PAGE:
His work is eclectic, contemporary and un-encumbered by formality and tradition.
Transcending musical genres and forging strong and ongoing relationships with musicians around the globe, notably Scandinavia, Iain has worked with many of the cutting-edge figures of today’s contemporary Jazz scene.
The group Food which he co-formed with drummer, composer and electronics wizard Thomas Stronen is now signed to ECM records. They celebrated their seventh release in November 2012, featuring Christian Fennesz, Nils Petter Molvaer, Eivind Aarset and Prakash Sontakke.
Ballamy leads the Anorak quartet featuring Gareth Williams on piano and continues to tour and record with the virtuoso Norwegian button accordionist Stian Carstensen as a duo known as The Little Radio.
Highlights of a career spanning nearly 30 years include working with Loose Tubes, Bill Bruford’s Earthworks, Hermeto Pascoal, Django Bates, Kenny Werner, Gil Evans, George Coleman, The Karnataka college of percussion, John Taylor, Ian Shaw, Claire Martin, The Britten Sinfonia, Gay Dad, Everything but the Girl, Guy Chambers, Mike Gibbs, Carla Bley, John Dankworth, and many more.
Ballamy is a consultant tutor at The Royal Academy of Music and the Royal Welsh College of Music and Drama in Cardiff.
"Ballamy's is a melodic thoughtful style, born out in beautiful original tunes."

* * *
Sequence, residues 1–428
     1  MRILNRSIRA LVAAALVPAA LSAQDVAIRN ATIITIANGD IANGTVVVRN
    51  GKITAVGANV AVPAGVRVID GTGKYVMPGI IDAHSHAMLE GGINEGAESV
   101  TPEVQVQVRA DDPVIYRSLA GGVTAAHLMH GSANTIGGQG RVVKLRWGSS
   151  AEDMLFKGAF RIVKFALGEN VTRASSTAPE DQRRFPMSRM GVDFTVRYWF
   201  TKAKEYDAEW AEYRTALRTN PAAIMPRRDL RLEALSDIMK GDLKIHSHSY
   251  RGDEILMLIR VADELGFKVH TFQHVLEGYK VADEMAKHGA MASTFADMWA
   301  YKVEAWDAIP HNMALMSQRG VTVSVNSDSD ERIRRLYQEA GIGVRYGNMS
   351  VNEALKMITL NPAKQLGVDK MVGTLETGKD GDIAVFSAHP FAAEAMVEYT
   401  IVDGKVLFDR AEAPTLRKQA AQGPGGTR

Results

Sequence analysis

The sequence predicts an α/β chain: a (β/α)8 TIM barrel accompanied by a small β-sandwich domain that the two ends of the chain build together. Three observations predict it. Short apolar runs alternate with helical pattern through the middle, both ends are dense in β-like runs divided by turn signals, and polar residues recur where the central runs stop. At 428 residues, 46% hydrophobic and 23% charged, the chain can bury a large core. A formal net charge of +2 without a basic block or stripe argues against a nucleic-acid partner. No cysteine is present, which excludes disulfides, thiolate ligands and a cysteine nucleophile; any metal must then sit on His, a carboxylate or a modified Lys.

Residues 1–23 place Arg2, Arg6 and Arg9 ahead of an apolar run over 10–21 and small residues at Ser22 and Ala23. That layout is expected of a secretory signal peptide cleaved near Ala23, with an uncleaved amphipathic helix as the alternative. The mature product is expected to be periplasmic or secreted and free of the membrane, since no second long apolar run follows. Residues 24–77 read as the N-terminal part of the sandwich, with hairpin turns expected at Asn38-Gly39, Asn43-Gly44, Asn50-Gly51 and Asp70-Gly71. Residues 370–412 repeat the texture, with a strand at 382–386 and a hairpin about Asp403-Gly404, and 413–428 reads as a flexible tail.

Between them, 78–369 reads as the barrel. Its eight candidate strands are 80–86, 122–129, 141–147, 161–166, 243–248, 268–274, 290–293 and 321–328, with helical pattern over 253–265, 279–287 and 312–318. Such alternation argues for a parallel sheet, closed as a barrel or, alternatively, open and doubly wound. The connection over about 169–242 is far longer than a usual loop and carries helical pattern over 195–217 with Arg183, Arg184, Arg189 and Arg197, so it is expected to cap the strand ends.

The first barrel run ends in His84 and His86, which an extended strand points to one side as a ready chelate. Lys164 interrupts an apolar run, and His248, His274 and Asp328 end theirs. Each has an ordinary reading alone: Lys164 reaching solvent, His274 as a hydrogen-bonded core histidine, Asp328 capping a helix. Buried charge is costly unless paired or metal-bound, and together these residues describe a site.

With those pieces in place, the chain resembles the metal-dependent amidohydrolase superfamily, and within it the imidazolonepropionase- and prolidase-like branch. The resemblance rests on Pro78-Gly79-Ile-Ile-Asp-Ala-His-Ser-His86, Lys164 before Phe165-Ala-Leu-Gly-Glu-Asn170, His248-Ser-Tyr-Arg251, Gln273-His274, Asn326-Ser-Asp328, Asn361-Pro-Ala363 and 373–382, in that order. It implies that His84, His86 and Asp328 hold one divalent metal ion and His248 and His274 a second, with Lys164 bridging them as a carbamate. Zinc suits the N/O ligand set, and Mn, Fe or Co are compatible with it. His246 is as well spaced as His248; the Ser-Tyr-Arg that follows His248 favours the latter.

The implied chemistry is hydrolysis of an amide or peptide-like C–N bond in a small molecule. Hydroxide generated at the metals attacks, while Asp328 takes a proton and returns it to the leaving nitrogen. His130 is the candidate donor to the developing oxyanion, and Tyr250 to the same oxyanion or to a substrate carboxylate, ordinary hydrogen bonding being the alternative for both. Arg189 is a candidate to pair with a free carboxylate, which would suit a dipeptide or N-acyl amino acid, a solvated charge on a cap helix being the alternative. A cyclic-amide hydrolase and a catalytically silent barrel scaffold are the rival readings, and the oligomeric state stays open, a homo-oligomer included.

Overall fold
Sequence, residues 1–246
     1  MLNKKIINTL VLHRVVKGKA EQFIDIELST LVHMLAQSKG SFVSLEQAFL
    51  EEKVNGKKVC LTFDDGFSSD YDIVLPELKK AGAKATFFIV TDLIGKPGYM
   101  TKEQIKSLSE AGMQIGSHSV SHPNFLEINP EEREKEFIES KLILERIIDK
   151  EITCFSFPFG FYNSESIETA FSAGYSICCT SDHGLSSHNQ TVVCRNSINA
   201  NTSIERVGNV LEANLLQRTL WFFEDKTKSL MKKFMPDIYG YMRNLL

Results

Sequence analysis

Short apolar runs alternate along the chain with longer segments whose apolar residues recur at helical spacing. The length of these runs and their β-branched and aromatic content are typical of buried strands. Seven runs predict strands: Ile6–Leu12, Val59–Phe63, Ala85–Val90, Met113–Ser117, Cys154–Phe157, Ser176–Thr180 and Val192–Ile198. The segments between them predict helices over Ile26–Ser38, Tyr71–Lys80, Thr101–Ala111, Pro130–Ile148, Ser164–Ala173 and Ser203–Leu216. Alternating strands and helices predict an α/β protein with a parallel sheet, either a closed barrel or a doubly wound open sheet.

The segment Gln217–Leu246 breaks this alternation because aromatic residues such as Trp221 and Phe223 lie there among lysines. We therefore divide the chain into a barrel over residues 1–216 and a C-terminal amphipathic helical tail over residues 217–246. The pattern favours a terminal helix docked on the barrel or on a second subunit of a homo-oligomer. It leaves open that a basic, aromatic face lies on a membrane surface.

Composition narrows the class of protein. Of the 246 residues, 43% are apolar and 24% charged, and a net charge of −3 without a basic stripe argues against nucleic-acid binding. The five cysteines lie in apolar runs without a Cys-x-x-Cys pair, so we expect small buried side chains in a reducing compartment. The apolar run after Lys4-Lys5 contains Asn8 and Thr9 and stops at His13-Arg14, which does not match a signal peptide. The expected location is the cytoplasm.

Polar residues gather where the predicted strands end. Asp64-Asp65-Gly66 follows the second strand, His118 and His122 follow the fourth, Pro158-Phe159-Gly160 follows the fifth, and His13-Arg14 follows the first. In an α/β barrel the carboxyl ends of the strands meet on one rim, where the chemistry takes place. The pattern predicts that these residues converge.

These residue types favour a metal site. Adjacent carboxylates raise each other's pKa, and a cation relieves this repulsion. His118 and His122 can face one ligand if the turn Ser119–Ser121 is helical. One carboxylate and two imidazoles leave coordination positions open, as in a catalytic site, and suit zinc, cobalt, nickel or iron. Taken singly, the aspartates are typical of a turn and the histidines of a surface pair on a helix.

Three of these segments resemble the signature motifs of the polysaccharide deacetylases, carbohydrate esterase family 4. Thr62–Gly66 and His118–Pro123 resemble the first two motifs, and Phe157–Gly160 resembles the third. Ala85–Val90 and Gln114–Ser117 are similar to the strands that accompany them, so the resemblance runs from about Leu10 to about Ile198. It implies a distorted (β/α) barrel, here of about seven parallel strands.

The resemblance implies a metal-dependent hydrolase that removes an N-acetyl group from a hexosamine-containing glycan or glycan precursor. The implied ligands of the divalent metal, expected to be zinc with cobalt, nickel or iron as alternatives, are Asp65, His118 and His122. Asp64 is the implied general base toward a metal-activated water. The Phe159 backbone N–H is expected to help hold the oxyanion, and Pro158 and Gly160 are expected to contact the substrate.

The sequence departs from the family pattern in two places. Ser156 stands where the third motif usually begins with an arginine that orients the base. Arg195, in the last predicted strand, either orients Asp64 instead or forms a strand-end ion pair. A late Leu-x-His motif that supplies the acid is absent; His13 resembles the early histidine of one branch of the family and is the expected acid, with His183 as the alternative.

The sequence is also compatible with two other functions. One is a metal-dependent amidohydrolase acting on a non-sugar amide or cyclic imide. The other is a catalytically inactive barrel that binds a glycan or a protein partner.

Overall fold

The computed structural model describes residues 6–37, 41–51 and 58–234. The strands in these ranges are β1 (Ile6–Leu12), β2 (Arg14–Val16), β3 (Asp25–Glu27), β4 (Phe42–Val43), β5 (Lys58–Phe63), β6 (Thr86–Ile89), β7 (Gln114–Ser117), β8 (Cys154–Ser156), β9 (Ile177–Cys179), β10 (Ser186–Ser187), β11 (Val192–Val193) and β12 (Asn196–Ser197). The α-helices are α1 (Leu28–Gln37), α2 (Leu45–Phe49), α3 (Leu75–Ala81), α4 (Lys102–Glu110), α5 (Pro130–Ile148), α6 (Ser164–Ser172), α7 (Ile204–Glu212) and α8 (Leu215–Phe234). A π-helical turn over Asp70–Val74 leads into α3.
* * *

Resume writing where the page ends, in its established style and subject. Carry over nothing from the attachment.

Linton Chiswick, Time Out
"Intensly melodic, eventful and full of surprises... The beauty of tone that Iain Ballamy gets is certainly one of the joys of the current scene, and his concern with creating it echoes Stan Getz's."
Andy Hamilton, Jazz on CD
"Technically flawless performances."
Barry Withendon, The Wire
"A major international voice."
Chris Parker, The Times
"Ballamy does indeed have a unique sound that owes little to the usual sax masters."
Simon Adams, Jazz Journal
"Ballamy's melodies may one day be seen as legendary, as they are inspired and searching, with an amazing care for detail... A disc by which others will be judged."
Philippe Renaud, Improjazz
"Ballamy evokes mental images of rural scenes."
Ron Atkins, The Guardian
"Iain Ballamy emerged from the Loose Tubes stable with an entirely unfashionable saxophone sound (he didn't sound like John Coltrane) based on scurrying, low-register, clarinet-like figures, a delicate tone and an urgent, but sparingly used upper register wail. He doesn't sound like anyone else on the British scene."
John Fordham, The Guardian